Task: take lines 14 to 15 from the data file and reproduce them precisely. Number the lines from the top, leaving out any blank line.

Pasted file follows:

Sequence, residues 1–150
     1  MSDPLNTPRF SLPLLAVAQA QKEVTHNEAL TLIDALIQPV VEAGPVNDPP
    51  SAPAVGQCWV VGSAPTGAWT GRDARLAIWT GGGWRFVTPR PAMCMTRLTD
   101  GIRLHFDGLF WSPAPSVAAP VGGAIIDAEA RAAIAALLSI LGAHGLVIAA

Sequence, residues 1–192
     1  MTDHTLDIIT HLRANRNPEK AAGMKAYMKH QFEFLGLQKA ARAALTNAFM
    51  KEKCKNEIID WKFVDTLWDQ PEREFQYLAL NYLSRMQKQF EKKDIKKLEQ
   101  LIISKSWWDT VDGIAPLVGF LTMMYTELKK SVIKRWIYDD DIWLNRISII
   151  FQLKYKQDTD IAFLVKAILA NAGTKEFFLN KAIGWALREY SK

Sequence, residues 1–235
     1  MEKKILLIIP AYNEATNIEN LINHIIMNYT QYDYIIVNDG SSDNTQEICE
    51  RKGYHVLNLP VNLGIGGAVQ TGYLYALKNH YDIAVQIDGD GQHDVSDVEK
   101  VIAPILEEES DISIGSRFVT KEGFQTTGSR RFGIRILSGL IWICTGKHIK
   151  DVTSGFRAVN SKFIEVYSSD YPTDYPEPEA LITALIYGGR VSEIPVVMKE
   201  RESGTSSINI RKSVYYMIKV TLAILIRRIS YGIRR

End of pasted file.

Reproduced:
   151  DVTSGFRAVN SKFIEVYSSD YPTDYPEPEA LITALIYGGR VSEIPVVMKE
   201  RESGTSSINI RKSVYYMIKV TLAILIRRIS YGIRR